To the average driver on base, seeing GOVs and their operators out on the roads is such a common occurrence that one rarely gives it a second thought, but the 30th LRS vehicle operations understands how vital transportation is to the launch mission at Vandenberg, where launch facilities are spread throughout the third largest base in the Air Force, which encompassesĀ more thanĀ 150 square miles of land area.

"We tend to operate behind the scenes, so you don't always notice the support we provide," said Tech. Sgt. Thomas Grogan, 30th LRS vehicle operations supervisor. "Everything builds up for the launch though. Whether it's our training section, our licensing section or our equipment section, we pull together for the same thing. It's important to get the job done."

During launch weeks, there is a flurry of extra activity running deliveries, transporting equipment and personnel, placing bleachers, prepping vehicles and more. Each launch is unique, so requirements and locations often vary from mission to mission. Factor in the large increase of check-out vehicles issued to other units and the support of incoming DVs and guests for viewing, and launch time can prove to be taxing for the 30th LRS vehicle operations, but as launch-related requests start pouring in, their controllers and operators work to ensure every unit gets the additional logistics and vehicle support they need - when they need it.

"Four to five years ago, we had maybe 60 percent of our U-Drive-It vehicles used for launch support," said Marrufo. "Now, it's not unusual for all of our general purpose vehicles to be exhausted during a launch, and we usually have a couple of buses and our surrey - with operators - out doing DV support."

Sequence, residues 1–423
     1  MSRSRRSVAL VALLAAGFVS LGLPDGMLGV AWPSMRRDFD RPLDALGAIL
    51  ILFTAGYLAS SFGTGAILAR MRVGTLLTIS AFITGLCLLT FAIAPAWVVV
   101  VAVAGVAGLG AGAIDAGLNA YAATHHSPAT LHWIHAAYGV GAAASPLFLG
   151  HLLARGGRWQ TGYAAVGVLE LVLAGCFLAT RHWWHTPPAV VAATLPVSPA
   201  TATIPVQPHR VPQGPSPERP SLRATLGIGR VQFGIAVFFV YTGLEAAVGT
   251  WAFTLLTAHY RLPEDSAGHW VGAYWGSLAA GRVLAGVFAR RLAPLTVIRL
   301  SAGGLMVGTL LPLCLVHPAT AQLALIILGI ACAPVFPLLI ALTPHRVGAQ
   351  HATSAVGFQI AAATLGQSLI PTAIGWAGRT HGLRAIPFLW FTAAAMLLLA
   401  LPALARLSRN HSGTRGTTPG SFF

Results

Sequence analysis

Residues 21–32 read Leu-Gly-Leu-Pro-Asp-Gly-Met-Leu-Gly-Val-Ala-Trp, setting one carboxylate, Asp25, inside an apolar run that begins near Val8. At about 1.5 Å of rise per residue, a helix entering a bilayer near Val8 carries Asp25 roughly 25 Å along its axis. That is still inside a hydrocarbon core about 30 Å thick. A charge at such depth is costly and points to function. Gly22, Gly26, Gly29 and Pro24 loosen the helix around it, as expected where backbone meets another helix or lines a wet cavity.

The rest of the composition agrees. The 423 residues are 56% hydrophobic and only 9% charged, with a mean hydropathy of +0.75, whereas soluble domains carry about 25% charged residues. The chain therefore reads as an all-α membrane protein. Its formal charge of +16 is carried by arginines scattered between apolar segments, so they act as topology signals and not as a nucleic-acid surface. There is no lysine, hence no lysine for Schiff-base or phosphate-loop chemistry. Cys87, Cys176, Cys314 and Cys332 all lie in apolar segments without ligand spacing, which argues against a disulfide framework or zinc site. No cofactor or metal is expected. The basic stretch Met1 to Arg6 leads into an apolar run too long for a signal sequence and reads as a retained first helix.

A big reason for the increased vehicle usage - a recent fleet reduction conducted by Air Force Space Command in 2014. The number of unit-assigned GOVs was cutback during the process, centralizing more vehicles into the capable hands of the 30th LRS vehicle operations for coordination.

"There was a little bit of a panic at first. Everyone was afraid of losing their vehicles and not being able to complete their primary mission," said Marrufo of the AFSPC reduction. "They maintained our UDI fleet though, so other units could still come and get the vehicles they need. Over the last year and a half, we've noticed the increase in UDI requests here, especially during launches."

The reduction may have produced more work in coordinating and issuing vehicles, but thanks to the flexibility and effort of the vehicle operations controllers and operators, the launch support missions at Vandenberg are able to continue on with a smaller, efficiently-managed fleet.

While it may be rockets and launch crews instead of airplanes and air crews, the mission of logistics support remains the same - and launch after launch, the 30th LRS vehicle operations continue to show they will deliver.